For parents who are tempted to order their kids a can of Coca-Cola, a new study from researchers in South Korea and Virginia may dissuade them.
The study, published in the journal Substance Use & Misuse, looked at more than 2,000 American children from the ages of nine to ten and found that kids who drink caffeinated soda on a daily basis tend to be more impulsive, have poor working memory — and, most provocatively, more likely to try drinking alcohol at a younger age.
"Our findings suggest that daily consumption of caffeinated soda in children is predictive of substance use in the near future," said Seoul National University psychology graduate student and study lead author Mina Kwon in a statement. "One possible explanation is that the substances contained in caffeinated soda (caffeine and sugar) could induce a toxicological effect on the brain, making the individual more sensitive to the reinforcing effects of harder drugs like alcohol."
The research team examined data from the National Institutes of Health's Adolescent Brain Cognitive Development Study and performed statistical analysis to see if there were any correlations between drinking caffeinated soda daily and "well-known risk factors of substance misuse: impaired working memory, high impulsivity, and aberrant reward processing." They also examined brain activity from children who were asked to perform certain tasks to assess their working memory and impulsivity level.
Researchers found that kids who drank soda daily were "associated with neurobehavioral risk factors for substance misuse such as higher impulsivity scores and lower working memory performance." They also found out that these children were more than twice as likely to sip alcohol in a year.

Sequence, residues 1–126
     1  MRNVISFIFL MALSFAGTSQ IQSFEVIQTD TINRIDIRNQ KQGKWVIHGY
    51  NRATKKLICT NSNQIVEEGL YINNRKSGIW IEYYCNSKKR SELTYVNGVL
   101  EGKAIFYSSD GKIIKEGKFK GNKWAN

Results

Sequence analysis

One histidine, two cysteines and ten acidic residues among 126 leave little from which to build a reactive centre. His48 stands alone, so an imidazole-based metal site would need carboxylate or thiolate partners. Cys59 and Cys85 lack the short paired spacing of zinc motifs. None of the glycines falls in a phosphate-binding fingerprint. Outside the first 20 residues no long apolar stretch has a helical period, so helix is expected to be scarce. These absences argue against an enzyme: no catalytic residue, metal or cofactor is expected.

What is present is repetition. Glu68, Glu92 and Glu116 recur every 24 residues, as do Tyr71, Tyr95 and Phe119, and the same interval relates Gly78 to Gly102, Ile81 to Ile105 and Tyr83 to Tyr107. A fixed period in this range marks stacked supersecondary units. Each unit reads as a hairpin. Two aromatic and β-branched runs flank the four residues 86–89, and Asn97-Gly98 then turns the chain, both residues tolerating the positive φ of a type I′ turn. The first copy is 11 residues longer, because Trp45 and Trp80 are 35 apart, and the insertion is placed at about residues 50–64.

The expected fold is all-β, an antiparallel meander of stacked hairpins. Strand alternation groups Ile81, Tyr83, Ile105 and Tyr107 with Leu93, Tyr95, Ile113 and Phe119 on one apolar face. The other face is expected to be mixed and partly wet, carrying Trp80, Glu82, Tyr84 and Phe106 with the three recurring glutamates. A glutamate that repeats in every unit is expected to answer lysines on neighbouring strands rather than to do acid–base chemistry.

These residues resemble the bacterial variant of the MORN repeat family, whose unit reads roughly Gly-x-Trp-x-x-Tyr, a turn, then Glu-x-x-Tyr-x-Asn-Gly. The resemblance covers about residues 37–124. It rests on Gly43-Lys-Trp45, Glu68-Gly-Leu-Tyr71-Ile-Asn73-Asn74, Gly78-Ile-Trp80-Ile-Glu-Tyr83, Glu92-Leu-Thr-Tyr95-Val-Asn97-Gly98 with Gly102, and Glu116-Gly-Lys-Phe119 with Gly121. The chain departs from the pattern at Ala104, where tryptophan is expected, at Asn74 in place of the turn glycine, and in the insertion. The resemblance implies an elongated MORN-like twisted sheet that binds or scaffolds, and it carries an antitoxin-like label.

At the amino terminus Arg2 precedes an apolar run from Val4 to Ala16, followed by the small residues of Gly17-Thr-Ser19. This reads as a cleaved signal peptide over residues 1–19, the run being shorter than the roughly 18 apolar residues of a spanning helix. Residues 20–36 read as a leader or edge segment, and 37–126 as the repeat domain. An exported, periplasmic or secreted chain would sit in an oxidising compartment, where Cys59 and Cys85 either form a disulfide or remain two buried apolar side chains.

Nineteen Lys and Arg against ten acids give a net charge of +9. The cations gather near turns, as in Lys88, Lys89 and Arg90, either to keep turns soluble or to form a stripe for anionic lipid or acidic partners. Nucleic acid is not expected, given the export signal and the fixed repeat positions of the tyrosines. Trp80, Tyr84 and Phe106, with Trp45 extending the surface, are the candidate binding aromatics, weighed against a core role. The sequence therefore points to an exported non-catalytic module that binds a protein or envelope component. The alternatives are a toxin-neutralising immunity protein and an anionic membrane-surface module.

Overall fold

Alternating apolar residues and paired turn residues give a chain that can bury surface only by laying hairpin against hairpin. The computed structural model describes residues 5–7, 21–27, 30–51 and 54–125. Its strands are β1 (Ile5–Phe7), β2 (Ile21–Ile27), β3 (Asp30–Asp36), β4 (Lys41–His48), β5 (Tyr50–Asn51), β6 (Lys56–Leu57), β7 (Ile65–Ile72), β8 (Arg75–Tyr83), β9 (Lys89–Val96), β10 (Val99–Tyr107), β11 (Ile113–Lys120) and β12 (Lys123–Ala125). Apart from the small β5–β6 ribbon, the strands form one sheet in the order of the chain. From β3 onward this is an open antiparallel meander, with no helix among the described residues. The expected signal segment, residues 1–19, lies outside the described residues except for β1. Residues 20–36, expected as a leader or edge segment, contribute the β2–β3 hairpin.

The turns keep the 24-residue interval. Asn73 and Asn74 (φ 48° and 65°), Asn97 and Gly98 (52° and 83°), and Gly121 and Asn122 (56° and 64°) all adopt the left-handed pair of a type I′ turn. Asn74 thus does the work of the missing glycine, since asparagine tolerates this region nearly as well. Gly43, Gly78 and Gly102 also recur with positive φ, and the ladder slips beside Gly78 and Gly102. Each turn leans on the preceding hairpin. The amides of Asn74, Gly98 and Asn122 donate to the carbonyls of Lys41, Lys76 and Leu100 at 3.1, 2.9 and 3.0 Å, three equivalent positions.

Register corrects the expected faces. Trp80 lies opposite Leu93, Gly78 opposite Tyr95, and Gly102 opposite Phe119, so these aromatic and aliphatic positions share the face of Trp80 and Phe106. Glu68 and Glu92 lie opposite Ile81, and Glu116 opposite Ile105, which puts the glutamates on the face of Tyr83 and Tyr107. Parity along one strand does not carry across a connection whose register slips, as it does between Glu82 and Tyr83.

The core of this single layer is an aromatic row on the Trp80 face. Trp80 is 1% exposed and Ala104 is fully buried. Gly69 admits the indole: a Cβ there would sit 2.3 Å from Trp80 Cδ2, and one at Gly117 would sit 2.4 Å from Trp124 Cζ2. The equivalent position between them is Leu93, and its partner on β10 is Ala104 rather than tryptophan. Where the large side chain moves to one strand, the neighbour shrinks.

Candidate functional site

Their research suggests that caffeinated drinks is a "gateway" to alcohol. That's a reference to the "gateway hypothesis," commonly used in the context of marijuana. The idea was that kids who dabble in light drugs are more likely to later graduate to harder ones as time goes on, though further study on the hypothesis has been controversial and open to significant interpretation and disagreement.
In the context of sugary drinks, though, it just might hold up.
"Thus, one possible explanation of higher alcohol sipping rate of the daily-drinking group in our study is that the substances contained in caffeinated soda (caffeine and sugar) may have induced neurophysiological effects and reinforced regular soda drinkers to try alcohol after 12 months," the scientists wrote.
But they also acknowledge a classic statistical pitfall: that children who go on to use harder substances were already genetically predisposed to addictive behaviors. Basically, a child could already have poor impulse control prior to picking up a soda habit.
The team called for further research to untangle all these various risk factors while also advocating for figuring out a safe, recommended dosage of caffeinated soda for children.
"There is no consensus on a safe dose of caffeine in children, and some children might be more vulnerable to adverse effects associated with frequent caffeine consumption than others," said principal investigator and Seoul National University professor Woo-Young Ahn.
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